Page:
Regulation of mitochondrial autophagy by huntingtin
- Author(s): Margulis, Julia
- Advisor(s): Finkbeiner, Steven M
- et al.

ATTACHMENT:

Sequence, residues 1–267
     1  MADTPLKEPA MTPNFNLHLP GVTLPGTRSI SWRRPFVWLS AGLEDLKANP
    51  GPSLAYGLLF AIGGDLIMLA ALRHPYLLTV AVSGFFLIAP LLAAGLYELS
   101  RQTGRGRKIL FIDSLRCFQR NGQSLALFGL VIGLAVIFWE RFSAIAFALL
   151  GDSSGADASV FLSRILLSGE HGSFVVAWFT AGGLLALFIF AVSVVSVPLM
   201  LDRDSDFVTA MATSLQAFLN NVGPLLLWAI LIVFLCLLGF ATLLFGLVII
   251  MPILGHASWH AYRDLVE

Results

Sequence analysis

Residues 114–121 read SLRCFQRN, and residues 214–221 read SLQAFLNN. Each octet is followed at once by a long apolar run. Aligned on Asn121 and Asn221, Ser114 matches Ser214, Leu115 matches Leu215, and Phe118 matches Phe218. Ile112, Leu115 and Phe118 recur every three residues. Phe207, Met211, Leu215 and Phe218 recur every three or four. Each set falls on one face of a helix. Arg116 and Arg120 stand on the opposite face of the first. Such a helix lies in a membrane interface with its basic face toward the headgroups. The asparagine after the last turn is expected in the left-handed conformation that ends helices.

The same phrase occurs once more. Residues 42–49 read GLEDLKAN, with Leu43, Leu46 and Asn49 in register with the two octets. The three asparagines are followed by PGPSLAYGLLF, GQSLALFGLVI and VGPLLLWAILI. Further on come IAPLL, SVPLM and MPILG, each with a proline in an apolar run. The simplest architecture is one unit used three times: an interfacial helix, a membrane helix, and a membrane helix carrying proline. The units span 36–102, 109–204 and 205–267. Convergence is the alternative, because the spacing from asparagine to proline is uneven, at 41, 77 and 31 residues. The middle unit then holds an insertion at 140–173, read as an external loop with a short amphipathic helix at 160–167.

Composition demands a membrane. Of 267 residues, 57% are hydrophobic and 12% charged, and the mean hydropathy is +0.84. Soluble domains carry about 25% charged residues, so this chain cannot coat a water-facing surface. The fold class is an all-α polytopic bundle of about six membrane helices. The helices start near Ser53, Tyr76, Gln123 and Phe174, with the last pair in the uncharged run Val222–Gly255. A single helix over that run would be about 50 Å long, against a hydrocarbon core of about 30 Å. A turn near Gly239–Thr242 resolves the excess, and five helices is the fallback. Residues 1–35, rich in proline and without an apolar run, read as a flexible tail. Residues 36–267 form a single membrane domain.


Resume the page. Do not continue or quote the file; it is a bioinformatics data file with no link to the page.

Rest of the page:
Huntington’s disease (HD) is an inherited and incurable neurodegenerative disorder caused by an abnormal polyglutamine (polyQ) expansion in the huntingtin (Htt) protein. Dysregulation of protein quality control is a key event in HD pathogenesis. Here, we determined if mutant Htt (mHtt) also affects mitochondrial quality control via dysregulation of mitophagy. To monitor mitophagy in live neurons, we developed a sensitive and quantitative image-based technique utilizing automated microscopy and photoswitchable fluorescent proteins. We showed that neurons with diffuse mHtt exhibit mitochondrial damage and accelerated mitophagy, but neurons with inclusion bodies (IBs) do not. To unravel cause-and-effect relationships between mHtt, mitophagy and neurodegeneration, we collected longitudinal single cell measures of each variable and integrated these data into a Bayesian statistical model. From this model, we learned that diffuse mHtt is associated with increased mitophagy and neurodegeneration. Moreover, the total load of mHtt is a more important determinant of mitochondrial clearance than the presence of an IB. Finally, increased mitochondrial clearance is associated with reduced survival of neurons expressing mHtt. Thus, we uncovered a surprising relationship between mHtt expression, mitophagy, and neurodegeneration that has implications for the use of mitophagy pathways as therapeutic targets in HD.